Stainless Steel and Silver Balls (Conclusion)


Beach babes and baskets share the cozy confines of Sunshine Laundromat & Pinball. (Photos: Laurance Cohen)


Pinball enthusiasts retreat to the bar area between cycles to mix, mingle and play.

Laurance Cohen |

Last cycle, final pinball game often stretch into wee hours

BROOKLYN, N.Y. — As The Who song goes, He’s a pinball wizard/There has to be a twist.

Peter Rose’s turnaround of an aging Brooklyn storefront laundry is working just like magic. And it’s the silver ball that’s keeping things rolling.

At his Sunshine Laundromat & Pinball, stainless steel front loaders and stack dryers are upstaged by coin-op machines of a different breed.

I found myself in the trendy Greenpoint neighborhood in mid-August and discovered it’s hip to hang out at the laundry on a Saturday night. The summer heat wave had taken its toll on wash patron volume, and those who did venture in quickly retreated to the rear bar oasis via a stack dryer.

Behind the faux dryer lies a bar and pinball emporium where natural wood and exposed brick contrast with backlit works of art showcasing more than two dozen of the most sought-after games standing toe-to-toe where dryer tumblers and folding tables once lined up.

Not to be overshadowed, the immaculate — albeit intimate — 23-machine laundry space at the front of the house is adorned with decorative lighting fixtures hanging below a high canopy of wainscoting panels and crown molding trim.

Sunshine’s funky fusion of bubbles and bumpers is as much about Rose himself as it is a testament to his determination to preserve a quaint neighborhood self-service laundry amid rapid urban gentrification.

Rose’s passion for pinball as a teen gave rise to a career servicing game outlets throughout New York. His sale of a used bill changer to Sunshine’s previous operator a decade ago led to a close friendship that eventually culminated with the outdated store changing hands in 2011.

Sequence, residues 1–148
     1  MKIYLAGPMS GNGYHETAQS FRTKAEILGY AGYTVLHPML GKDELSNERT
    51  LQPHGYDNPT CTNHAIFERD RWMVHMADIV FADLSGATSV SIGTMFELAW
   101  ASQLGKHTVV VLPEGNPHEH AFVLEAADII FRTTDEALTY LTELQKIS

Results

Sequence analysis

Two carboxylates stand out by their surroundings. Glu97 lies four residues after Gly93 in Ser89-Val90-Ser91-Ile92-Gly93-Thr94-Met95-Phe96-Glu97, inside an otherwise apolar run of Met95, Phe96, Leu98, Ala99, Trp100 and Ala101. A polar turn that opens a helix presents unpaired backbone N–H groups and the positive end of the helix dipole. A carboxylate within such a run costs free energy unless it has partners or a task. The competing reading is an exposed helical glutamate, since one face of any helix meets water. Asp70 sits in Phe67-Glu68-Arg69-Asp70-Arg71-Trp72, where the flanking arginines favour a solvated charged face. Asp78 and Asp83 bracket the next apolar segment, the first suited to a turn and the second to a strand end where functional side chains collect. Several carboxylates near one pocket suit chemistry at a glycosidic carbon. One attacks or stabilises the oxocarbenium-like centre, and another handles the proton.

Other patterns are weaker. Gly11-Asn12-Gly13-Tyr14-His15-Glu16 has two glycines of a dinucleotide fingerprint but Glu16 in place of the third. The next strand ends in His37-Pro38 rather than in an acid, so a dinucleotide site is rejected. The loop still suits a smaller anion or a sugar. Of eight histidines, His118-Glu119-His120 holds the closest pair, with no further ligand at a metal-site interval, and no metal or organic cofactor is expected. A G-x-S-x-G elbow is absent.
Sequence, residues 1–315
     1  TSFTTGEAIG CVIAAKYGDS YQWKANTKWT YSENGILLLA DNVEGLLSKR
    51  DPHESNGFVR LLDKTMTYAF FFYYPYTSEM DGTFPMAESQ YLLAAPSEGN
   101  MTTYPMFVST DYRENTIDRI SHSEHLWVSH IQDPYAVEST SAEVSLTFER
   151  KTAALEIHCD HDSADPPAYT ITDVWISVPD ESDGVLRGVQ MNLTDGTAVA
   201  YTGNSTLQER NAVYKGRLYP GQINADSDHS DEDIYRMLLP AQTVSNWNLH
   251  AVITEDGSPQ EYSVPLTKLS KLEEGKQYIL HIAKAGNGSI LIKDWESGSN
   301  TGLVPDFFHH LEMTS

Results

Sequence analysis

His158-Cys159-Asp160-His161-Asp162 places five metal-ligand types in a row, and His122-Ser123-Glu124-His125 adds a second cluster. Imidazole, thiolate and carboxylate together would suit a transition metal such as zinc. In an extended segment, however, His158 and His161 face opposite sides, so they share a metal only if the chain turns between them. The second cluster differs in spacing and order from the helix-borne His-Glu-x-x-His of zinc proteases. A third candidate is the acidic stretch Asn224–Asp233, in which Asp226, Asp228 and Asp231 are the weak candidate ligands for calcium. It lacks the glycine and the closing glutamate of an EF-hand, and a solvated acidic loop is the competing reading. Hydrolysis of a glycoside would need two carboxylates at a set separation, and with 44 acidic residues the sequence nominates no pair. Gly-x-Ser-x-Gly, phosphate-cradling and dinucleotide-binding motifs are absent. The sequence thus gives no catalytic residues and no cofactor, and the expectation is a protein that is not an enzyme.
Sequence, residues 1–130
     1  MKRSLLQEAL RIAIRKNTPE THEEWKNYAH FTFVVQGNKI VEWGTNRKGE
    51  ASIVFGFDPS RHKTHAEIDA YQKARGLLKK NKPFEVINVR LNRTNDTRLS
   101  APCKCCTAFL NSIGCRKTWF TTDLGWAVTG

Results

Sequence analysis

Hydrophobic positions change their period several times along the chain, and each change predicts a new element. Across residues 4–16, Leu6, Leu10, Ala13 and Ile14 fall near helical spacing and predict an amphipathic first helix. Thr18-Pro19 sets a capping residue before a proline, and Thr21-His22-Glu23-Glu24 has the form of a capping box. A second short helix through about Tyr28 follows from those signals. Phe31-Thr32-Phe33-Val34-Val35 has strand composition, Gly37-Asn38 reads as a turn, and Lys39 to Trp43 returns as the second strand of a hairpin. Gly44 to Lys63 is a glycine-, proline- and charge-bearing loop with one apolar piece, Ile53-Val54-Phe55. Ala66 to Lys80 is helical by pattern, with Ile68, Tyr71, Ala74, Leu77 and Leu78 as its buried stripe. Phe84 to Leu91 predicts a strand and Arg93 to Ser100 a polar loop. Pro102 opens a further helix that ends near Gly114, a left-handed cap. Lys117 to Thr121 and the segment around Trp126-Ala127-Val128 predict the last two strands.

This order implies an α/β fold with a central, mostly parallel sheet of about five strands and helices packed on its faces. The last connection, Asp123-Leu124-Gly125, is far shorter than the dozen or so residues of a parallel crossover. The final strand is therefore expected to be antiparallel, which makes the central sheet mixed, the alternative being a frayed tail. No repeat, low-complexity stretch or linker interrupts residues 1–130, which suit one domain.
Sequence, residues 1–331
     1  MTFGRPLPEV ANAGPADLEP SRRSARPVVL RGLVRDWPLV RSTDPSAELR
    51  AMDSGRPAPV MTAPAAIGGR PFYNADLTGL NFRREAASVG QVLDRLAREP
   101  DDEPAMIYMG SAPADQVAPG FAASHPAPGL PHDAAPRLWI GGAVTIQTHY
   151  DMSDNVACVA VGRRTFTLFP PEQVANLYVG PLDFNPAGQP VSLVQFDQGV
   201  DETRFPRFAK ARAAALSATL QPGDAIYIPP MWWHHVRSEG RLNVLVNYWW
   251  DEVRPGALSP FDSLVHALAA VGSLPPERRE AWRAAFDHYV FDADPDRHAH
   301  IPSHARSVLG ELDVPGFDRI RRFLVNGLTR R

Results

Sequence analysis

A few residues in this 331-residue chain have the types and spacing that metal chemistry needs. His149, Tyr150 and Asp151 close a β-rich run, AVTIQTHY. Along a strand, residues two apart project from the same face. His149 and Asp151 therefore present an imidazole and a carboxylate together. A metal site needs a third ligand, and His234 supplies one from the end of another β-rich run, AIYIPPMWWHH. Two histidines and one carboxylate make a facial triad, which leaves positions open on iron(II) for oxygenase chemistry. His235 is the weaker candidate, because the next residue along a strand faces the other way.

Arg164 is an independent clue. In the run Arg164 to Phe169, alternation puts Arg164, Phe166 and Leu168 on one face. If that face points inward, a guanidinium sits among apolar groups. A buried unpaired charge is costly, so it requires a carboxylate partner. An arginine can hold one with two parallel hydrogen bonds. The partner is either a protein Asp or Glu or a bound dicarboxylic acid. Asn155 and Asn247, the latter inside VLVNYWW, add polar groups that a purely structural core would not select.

Rose quickly rolled up his sleeves, repaired the laundry equipment, and spruced up the space with bright lights and a kitschy décor while squeezing in as many pinball machines as he could, including adding a tier above some washers.

As part of the overhaul, the entire facility was upgraded with extensive soundproofing and enhanced fire-suppression systems. The back section now houses 26 of the 31 pinball machines, a coin-op fortune-telling monkey, and a tap room serving beer, wine and pizza, while the front half boasts a compact drop-off station, eight new stack 30-pound tumblers, 15 front-load washers with upper-tier pinball displays, and five floor-level pinball machines.

With the space partitioned and only a handful of games in the laundry, the competitive gaming takes place out of sight of basket-toting patrons. The front nevertheless retains plenty of color with Atari’s trend-setting video game Area 51 Maximum Force Duo housed inside a single-pocket tumbler just steps from the entryway.

The fully operational, two-player gun battle was relocated from the rear of the store, where it was originally offered as an inline gaming option to drying. Rose salvaged the machine after a customer’s load went up in smoke and, rather than repairing it, cut the outer drum, installed the video monitor, and wired it to the original coin drop and selection buttons.

“People’s reaction was ‘What did I just see?’ and then they realized it worked,” Rose says. “It was amazing to see their expressions.”

The dryer-cum-video game now occupies a slot next to an unconventional glass front vendor offering up detergent alongside personal hygiene products — some banded together with Chinese finger taps and other assorted bonus trinkets.

Rose reports that combined self-service and drop-off laundry revenue still outpaces pinball. His most devoted players are millennial males, but is seeing more and more coins being dropped in by a growing contingent of female patrons, many of whom participate in a biweekly league and tote wash to the competitions. Minors are permitted access to the games, although the owner encourages play during off-peak bar times.

Sunshine operates almost around-the-clock as the last machine cycle and final ball in play usually stretch well into the wee hours of the morning.

“It’s been amazing to find that here in New York City, where pinball has all but been forgotten, that so many are as fascinated as I am,” Rose smiles. “Pinball players are themselves pleasant customers and, after a while, it turned into something wonderful.”

Read Parts 1 and 2 of this story HERE and HERE.

About the author

Laurance Cohen

Laundry Marketing Concepts

Freelance Writer

As a freelance writer, Laurance Cohen crisscrosses the country seeking out the most unique vended laundries. He served as American Coin-Op editor in the early 1990s and currently operates Laundry Marketing Concepts based in Hallandale Beach, Fla. Readers are welcome to contact him at [email protected].


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